Sometimes I like to pretend to be fancy. In fact, I do this a lot, often by hosting or attending extremely casual dinner parties. This is my go-to recipe for those times.
ingredients (serves 14 as an appetizer):
6-8 portobello mushrooms
2 red peppers
1 large red onion
1 tsp. dried rosemary (if fresh, add at the end)
2 tbsp. red wine
salt & black pepper to taste
12 oz. goat cheese, plain
Start by heating olive oil in a large pan, and halving the onion. Score it width and lengthwise, then make perpendicular cuts to create small dice, as shown below.
Add the onion to the pan, along with the rosemary and some black pepper, but DO NOT SALT (It is very important when cooking with mushrooms that you do not salt the pan before the mushrooms have been added. If they are salted too early on, they give off all of their moisture and become spongy. It’s best to wait until they have cooked down a bit).
To cut up the pepper, first use your knife to cut a circle around the stem, so that you can easily pluck it out. Then cut the pepper into quarters and remove the white membrane from inside. Think of it as a form of butchering!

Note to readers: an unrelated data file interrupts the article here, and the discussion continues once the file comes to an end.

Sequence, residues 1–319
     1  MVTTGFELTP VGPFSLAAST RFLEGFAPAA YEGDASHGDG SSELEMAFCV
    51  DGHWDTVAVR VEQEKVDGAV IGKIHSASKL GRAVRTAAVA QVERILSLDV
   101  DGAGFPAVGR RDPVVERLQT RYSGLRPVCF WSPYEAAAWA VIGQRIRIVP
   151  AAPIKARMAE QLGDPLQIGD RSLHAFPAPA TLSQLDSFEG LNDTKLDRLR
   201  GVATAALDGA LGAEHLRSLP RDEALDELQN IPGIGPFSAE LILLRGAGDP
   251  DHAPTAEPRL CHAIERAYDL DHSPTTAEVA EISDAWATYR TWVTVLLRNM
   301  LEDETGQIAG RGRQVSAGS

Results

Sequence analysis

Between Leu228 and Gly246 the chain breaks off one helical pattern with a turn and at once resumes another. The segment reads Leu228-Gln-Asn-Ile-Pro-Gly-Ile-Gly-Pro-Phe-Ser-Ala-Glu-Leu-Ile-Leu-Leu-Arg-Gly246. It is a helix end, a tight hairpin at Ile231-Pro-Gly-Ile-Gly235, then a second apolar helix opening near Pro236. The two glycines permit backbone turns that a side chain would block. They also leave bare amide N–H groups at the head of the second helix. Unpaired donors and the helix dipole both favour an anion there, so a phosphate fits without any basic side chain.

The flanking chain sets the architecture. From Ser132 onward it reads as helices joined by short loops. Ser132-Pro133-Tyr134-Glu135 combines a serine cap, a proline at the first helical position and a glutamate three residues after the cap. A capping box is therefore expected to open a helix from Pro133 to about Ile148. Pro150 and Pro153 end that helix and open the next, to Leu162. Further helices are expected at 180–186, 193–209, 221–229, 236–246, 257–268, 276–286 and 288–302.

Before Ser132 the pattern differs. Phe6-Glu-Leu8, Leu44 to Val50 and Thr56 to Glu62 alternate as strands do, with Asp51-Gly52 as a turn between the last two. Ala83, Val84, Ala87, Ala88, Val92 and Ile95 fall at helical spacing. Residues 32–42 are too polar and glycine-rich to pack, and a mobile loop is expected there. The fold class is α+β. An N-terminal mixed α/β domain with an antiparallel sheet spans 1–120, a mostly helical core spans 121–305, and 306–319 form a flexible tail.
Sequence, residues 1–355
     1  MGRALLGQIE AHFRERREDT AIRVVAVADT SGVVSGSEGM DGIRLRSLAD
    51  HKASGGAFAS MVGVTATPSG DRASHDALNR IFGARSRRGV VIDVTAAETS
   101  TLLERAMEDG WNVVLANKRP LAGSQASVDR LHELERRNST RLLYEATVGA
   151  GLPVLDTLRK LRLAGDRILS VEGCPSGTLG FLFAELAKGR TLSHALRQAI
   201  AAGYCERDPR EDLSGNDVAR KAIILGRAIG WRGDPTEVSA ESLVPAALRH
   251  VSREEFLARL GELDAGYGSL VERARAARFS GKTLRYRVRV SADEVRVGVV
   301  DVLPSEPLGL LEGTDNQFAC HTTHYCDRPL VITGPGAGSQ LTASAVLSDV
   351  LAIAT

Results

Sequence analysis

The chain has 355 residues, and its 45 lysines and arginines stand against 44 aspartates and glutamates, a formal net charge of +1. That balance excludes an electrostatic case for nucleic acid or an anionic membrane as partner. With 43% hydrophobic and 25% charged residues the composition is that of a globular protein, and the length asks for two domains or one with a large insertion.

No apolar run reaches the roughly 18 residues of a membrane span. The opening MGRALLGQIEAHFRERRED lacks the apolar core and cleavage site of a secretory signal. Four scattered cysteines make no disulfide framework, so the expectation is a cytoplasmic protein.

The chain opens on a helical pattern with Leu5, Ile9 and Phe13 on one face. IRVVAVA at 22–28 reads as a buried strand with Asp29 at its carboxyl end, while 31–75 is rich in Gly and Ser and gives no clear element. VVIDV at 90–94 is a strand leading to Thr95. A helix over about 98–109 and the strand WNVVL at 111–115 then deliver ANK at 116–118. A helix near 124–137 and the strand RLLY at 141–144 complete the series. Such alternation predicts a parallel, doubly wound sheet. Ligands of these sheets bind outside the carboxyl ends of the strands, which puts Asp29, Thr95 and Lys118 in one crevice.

Cut the quarters into strips about 1 centimeter thick. Once you have the strips, line them up and slice them, again on the perpendicular and into ~1cm squares. Have a look:
Add the peppers to the pan with the onions and stir well. Let them cook for a few minutes while you chop up the mushrooms.
You want the red pepper and mushroom pieces to be relatively the same size, so cut them using the same method as we used for the peppers: slice into strips, then again, on the perpendicular, into small chunks.
Before you add the mushrooms, check to see that the onions and peppers have broken down enough so that the pan won’t be too crowded. They should look like this:
Now add the mushrooms to the pan along with more oil and black pepper, and stir well. Preheat the oven to 400°, while you’re at it. Let the mushrooms cook down until they become a dark brown, which should take at least 10 minutes, and stir every few minutes so that everything cooks evenly. After 10 minutes, or when your mushrooms have given off most of their liquid, add a good amount of salt and the red wine, stirring well, and letting everything reduce for another 10 minutes or so.
In the meantime, slice your baguette on the diagonal into slices about 1 cm thick and when the oven is hot, stick them in for 6 minutes. When they’re finished, take them out and let them cool, putting a generous hunk of goat cheese on each one so it can soften up a bit. By the time the crostini have cooled, the mushroom-redpepper mixture should be finished cooking, so you can spread the goat cheese onto the crostini and then add your topping. Serve right away, preferrably with some red wine (fancy!).